Share on Myspace Share on Tumblr Share

“What’s the two things they tell you are healthiest to eat? Chicken and fish. You know what you should do? Combine them, eat a penguin.” — Dave Attell
Holy Carp
“The old adage about giving a man a fish versus teaching him how to fish has been updated by a reader: Give a man a fish and he will ask for tartar sauce and French fries! Moreover, some politician who wants his vote will declare all these things to be among his ‘basic rights.'”
— Thomas Sowell

Well, it’s been a long while since I contributed to my own blog and high time that I do so now, since I find myself in the same situation I was in when I started these pages in the first place. Much to my surprise, I and a goodly number of my compatriots suddenly rejoined the intrepid 4.3% who, by self-determination, market downturns, apathy, ineptitude or outright chicanery, have assumed the role of able bodied but between periods of remunerated usefulness, as it were. The reasons are moot — suffice it to say, a quantum collapse of business suppositions occurred. So now, there are certainly three years of domestic maintenance to catch up on, family, friends and acquaintances to visit, online courses to resume, unfinished projects to reevaluate and abandoned hobbies to reconsider picking back up again. But the questions of, “What happened in the last three years and was it worth it?” nag at the back of my mind.

I had been working in what amounted to a startup within a larger company; an advanced systems department focused on the development of some really interesting, cutting-edge technology in disciplines spanning IoT (Internet of Things), embedded systems, machine learning, predictive, big-data analytics, mobile app development, API development, Web 2.0 frameworks…all the industry buzzwords, plus international customers and partners, in a fast, friendly, collaborative environment with plenty of room for creativity and opportunity for learning all kinds of new skills. This was a real “concept to delivery” project, which included a great deal of job satisfaction, albeit without immediate monetary compensation. That was for later, after the hard work was done. For someone like me, having the forum to see immediate results on a creative endeavor and a wide variety of challenging problems to solve in a time-critical environment (read, “many different hats to wear”) was a huge incentive. In the current business environment (at least on either US coast), this isn’t all that uncommon of a work environment. But is job satisfaction enough? Is monetary compensation without job satisfaction enough? Maybe. As Henny Youngman said, “I’ve got all the money I’ll ever need — if I die by four o’clock.”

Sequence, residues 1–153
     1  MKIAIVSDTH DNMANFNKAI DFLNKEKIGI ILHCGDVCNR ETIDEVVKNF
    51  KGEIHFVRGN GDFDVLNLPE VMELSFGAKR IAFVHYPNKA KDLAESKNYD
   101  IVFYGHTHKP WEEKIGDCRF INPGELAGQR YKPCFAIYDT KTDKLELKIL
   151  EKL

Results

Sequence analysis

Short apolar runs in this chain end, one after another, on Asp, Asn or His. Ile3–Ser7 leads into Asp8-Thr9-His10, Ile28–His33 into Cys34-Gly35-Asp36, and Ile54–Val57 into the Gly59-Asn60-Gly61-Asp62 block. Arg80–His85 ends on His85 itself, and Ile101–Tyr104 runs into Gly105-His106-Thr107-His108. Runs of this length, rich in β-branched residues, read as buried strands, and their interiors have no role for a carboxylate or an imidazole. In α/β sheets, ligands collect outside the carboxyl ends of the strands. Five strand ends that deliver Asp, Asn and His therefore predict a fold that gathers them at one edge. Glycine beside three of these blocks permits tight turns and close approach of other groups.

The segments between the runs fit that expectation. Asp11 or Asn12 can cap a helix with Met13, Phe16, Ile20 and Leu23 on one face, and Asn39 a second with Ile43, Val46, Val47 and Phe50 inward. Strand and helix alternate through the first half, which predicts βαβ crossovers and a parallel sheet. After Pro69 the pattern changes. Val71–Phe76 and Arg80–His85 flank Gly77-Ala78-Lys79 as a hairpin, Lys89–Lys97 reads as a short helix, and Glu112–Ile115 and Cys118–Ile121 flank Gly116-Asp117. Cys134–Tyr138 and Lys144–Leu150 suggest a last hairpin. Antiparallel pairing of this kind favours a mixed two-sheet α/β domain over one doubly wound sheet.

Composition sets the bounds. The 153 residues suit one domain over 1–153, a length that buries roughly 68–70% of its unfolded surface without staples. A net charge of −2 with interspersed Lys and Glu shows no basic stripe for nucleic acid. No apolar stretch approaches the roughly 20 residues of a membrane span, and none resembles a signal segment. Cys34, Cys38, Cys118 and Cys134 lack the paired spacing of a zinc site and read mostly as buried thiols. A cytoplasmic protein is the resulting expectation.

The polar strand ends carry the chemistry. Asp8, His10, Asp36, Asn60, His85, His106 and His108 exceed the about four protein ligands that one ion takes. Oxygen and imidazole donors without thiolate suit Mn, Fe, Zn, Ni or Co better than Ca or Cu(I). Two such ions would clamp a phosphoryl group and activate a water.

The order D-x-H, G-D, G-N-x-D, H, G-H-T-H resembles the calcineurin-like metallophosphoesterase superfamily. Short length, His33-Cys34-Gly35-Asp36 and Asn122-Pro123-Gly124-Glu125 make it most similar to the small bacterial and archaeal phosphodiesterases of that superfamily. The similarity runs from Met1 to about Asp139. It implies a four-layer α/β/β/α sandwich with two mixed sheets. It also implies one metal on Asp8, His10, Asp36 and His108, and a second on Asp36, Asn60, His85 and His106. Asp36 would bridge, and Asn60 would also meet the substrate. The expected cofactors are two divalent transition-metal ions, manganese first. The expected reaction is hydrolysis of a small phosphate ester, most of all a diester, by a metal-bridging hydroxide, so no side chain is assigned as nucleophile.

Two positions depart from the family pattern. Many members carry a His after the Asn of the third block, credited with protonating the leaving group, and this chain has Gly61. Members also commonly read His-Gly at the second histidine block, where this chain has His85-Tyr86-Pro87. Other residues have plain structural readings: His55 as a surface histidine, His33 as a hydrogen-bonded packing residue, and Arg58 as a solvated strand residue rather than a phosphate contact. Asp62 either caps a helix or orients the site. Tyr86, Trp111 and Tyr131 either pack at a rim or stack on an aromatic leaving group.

However, some people don’t do so well without some kind of structure in place and the semi-chaotic nature of a startup environment is a serious stressor. There are those that thrive in a challenging work environment and those that are overwhelmed by it. Personally, I didn’t mind the 12-18 hour days and the succession of more and more challenging tasks — they provided me with a reason to get out of bed in the morning. My wife and I both worked for the same company (in different capacities) and our lives were filled with the minutiae of corporate workings whether or not we were physically in the office. It wasn’t our business, but we absolutely treated it that way, and always have with any other job we’ve been at. Before you scoff and throw about the old chestnut of “imbalance,” with similar drives between my wife and me, we did and still manage to fit in kids and grandkids, extended family, friends, side businesses, hobbies and even the occasional vacation. We just don’t sleep much and our home doesn’t get vacuumed as often as it probably should. The old adage of “don’t sweat the small stuff” certainly applies to us. In our case, the work was often it’s own reward.

But back to my original assertion, is it all worth it? Is the short sleep, the aperiodic aggravations and interdepartmental squabbles, the undercompensated work, “forgotten” performance appraisals, fulfillment of countless, poorly thought-out, late night “immediate response required” requests for PowerPoint slides (which later sat, ignored, in an executive’s “in” basket for weeks), countless bug report filings, counted lines of code, endless code documents, marketing data requests, meeting agenda compositions, the neglected lawn, unwritten Christmas cards, and the piled up personal mail worth all the effort? To answer a my own question with an alternative viewpoint, is “subsistence work” sufficient? In other words, without inviting a political diatribe, is the pervasive view (in my direct observation) of “work just enough to pay the bills” a viable philosophy? Did I waste the last three years in the hamster wheel when I could have been…I don’t know…binging Netflix instead?

I suppose this whole column has been rhetorical (what blog isn’t?) and I’ve answered my own question. Without the environment to learn all I have and the satisfaction of a job well done over the last three years, despite the collapse of a promising company, I wouldn’t  be able to apply that knowledge to future endeavors, whether my own or for somebody else, nor would I have had the privilege of meeting, working with and befriending one of the finest groups of people it’s ever been my pleasure to do so. There are lessons to be learned even in the worst of circumstances. In this writer’s humble opinion, self-improvement and the ability to help others because of it should be the goal of everyone and the very foundation of our country. The job search is difficult and the prospect of re-acclimation to a new work environment is daunting. However, I look forward to the challenge and I wish all the success in the world to those who take this journey with me.

Nevertheless, it sure would be nice to have all the money I would ever need past four o’clock without the caveat. I’d even share.